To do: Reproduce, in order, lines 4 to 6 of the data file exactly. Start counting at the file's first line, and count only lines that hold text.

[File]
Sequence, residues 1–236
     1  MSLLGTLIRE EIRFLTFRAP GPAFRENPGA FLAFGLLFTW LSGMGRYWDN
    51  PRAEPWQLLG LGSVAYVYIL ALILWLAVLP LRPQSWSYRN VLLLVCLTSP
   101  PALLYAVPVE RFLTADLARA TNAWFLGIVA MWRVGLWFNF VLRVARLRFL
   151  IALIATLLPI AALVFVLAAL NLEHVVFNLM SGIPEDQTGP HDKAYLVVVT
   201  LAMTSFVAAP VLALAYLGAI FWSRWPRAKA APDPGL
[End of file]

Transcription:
   101  PALLYAVPVE RFLTADLARA TNAWFLGIVA MWRVGLWFNF VLRVARLRFL
   151  IALIATLLPI AALVFVLAAL NLEHVVFNLM SGIPEDQTGP HDKAYLVVVT
   201  LAMTSFVAAP VLALAYLGAI FWSRWPRAKA APDPGL